www.fsmitha.com /h1/ch28gup.htm   (1673 words)

  
 eBharat History History - -> Ancient India -> Mauryan Dynasty   (Site not responding. Last check: 2007-10-13)
The Mauryan Empire was (A republic in the Asian subcontinent in southern Asia; second most populous country in the world; achieved independence from the United Kingdom in 1947) India's first great unified empire.
Chandragupta's son  Bindusara extended the rule of the Mauryan empire towards central and southern India.
The reign of Asoka was followed for 50 years by a succession of weaker kings.  Brhadrata, the last ruler of the Mauryan dynasty, ruled territories that had shrunk considerably from the time of emperor Ashoka, but he was still upholding the (One who follows the teachings of Buddha) Buddhist faith.
history.ebharat.in /ancient_india/mauryan_dynasty.html   (633 words)

  
 CalendarHome.com - Ancient history - Calendar Encyclopedia
Although the ending date is largely arbitrary, most Western scholars use the fall of the Western Roman Empire in AD 476 as the traditional end of ancient European history.
Another term that is often used to refer to ancient history is antiquity, although this term is most often used to refer specifically to the civilizations of Ancient Greece and Ancient Rome.
The Roman Empire was one of the ancient West's most literate cultures, but many works by its most widely read historians are lost.
encyclopedia.calendarhome.com /Ancient_history.htm   (1722 words)

  
 Buddhism / history of buddhism
During the 1st century CE, the trade on the overland Silk Road tended to be restricted by the rise in the Middle-East of the Parthian empire, an unvanquished enemy of Rome, just as Romans were becoming extremely wealthy and their demand for Asian luxury was rising.
The Sri Vijaya Empire to the south and the Khmer Empire to the north competed for influence, and their art expressed the rich Mahayana pantheon of the Bodhisattvas.
Continental routes through the Indian subcontinent being compromised, direct sea routes between the Middle-East through Sri Lanka and to China developed, leading to the adoption of the Theravada Buddhism of the Pali canon, introduced to the region around the 11th century CE from Sri Lanka.
www.buddhism-guide.com /buddhism/history_of_buddhism.htm   (5053 words)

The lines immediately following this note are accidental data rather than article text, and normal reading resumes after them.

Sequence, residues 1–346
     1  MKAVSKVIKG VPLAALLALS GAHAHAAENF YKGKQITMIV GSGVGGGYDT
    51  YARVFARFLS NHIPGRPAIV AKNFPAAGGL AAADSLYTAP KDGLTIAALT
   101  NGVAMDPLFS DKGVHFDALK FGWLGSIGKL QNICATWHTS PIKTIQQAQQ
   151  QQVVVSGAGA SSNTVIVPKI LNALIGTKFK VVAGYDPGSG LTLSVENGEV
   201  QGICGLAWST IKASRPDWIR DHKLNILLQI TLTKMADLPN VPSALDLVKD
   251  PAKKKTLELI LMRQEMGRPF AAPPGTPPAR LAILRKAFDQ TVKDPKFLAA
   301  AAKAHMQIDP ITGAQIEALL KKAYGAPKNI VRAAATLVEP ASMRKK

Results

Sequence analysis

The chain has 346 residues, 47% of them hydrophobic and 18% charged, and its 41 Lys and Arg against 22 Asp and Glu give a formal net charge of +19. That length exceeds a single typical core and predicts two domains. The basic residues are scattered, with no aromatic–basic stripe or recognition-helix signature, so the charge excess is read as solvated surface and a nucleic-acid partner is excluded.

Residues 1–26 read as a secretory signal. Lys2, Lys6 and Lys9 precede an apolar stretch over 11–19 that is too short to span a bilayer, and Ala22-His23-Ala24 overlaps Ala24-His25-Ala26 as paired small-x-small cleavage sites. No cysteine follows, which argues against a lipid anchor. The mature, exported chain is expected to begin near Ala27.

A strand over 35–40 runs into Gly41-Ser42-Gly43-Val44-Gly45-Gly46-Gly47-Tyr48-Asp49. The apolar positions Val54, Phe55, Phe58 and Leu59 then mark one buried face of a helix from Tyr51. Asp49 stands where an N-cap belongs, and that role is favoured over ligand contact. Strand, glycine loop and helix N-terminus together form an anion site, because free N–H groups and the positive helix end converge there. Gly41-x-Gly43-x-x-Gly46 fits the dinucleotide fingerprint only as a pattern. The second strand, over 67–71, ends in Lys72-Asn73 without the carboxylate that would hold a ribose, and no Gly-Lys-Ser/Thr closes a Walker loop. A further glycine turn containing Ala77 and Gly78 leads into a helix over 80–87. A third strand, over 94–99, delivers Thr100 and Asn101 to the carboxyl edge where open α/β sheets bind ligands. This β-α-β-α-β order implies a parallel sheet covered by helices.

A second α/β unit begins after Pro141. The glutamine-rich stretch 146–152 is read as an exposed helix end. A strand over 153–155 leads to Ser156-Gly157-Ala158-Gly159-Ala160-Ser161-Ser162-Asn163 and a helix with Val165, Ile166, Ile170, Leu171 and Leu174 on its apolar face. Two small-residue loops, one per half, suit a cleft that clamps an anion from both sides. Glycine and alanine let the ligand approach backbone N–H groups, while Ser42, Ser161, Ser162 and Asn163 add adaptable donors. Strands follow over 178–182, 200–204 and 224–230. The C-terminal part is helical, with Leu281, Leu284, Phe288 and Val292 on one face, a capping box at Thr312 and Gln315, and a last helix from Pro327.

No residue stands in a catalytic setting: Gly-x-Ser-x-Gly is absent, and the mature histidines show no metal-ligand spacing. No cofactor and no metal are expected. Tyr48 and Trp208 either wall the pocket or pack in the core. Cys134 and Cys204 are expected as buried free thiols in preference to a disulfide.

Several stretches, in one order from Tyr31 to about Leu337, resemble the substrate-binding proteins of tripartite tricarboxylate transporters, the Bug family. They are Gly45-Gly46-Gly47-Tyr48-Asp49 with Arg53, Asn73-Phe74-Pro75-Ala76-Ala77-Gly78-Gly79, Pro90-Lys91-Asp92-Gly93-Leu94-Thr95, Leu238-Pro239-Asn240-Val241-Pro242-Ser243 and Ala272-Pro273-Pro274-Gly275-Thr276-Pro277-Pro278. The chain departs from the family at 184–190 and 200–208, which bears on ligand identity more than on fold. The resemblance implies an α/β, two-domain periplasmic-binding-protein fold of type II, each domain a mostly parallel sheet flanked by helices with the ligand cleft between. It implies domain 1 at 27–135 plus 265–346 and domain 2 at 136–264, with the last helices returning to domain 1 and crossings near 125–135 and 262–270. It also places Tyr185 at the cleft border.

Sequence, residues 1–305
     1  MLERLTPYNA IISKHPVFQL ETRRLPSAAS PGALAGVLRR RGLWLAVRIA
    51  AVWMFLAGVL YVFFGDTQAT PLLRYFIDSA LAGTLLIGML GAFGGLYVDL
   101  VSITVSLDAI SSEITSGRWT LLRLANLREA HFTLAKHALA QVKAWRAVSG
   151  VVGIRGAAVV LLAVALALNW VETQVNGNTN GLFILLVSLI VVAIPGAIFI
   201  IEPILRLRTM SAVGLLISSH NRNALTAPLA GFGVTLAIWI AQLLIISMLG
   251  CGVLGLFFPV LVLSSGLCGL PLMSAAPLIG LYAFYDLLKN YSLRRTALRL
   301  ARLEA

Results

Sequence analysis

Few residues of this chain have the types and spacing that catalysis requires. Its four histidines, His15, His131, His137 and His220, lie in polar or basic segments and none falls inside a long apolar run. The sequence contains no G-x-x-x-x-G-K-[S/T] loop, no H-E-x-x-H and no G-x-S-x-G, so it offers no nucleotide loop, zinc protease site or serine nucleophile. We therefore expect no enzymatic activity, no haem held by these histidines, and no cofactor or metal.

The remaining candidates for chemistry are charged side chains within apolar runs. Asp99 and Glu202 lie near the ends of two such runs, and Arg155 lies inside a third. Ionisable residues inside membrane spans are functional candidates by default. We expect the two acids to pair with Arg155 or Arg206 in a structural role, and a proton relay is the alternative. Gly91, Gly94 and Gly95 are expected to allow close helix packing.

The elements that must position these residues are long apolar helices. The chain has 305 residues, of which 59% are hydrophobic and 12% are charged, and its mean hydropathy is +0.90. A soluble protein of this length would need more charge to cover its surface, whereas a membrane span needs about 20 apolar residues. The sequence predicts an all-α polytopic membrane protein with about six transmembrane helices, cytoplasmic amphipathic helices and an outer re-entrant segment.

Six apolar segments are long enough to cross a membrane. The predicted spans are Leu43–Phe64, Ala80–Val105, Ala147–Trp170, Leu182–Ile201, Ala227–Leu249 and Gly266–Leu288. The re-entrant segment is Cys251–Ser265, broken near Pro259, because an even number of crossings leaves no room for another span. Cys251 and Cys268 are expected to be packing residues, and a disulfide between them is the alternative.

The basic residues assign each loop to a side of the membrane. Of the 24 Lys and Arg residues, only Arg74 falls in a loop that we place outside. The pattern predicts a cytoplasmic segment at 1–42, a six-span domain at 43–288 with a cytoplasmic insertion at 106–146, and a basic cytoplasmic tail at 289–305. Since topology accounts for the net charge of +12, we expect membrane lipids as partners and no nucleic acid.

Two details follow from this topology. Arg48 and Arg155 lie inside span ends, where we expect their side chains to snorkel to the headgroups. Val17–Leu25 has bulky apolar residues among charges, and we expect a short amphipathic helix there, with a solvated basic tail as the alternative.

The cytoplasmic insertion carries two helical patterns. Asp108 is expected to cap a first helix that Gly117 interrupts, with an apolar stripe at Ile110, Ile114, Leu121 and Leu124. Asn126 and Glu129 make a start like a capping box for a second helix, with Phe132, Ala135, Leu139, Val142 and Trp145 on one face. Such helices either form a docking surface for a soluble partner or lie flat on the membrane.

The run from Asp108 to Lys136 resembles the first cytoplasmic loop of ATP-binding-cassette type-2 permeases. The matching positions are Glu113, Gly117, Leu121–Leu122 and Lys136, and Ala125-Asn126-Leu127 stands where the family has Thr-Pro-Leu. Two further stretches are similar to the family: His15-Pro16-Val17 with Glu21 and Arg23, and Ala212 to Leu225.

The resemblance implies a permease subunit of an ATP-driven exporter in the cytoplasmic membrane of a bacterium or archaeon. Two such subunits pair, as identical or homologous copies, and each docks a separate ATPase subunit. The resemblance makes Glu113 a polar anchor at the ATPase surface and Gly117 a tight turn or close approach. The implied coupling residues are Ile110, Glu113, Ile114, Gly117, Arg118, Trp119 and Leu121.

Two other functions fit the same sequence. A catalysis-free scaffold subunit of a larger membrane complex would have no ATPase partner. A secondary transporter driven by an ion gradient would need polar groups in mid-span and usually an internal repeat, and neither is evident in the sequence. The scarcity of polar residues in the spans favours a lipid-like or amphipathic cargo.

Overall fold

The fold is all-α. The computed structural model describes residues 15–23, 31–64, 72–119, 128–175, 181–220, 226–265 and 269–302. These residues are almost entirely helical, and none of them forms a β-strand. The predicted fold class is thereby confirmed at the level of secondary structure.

History of India
The Sungas came from the region of Ujjain in western India, where they were officials under the Mauryas.
The Sungas were constantly occupied with wars : they campaigned against their southern neighbours in the northern Deccan, against the Greek inroad in the north-west and against the king of Kalinga to the south-east.
The Sunga empire originally comprised almost the entire Ganges valley and parts of northern India, although some of the regions were not under their direct control and merely owed them political allegiance.
www.indiansaga.com /history/post_mauryan.html   (276 words)

  
 Rise and Fall of the Mauryan Empire
Chandragupta divided his empire into districts, which were administered by his closest relatives and most trusted generals.
Whatever the cause or causes, regions within the empire asserted their independence, and the empire disintegrated while the Mauryan family, inPataliputra, continued to rule.
Kanishka's empire prospered economically, and it is said that to his court, from all over Asia, the wealth and wisdom of Kanishka attracted merchants, artists, poets and musicians.
www.fsmitha.com /h1/ch13.htm   (5235 words)

  
 History of India - Crystalinks
The empire came to an end with the attack of the Huns from central Asia.
The Sassanian empire of Persia, who were close contemporaries of the Guptas, began to expand into the northwestern part of ancient India (now Pakistan), where they established their rule.
The Cholas emerged as the most powerful empire in the south in the 9th century and retained their pre-eminent position until the 13th century when the Vijayanagar empire was founded.
www.crystalinks.com /indiahistory.html   (3885 words)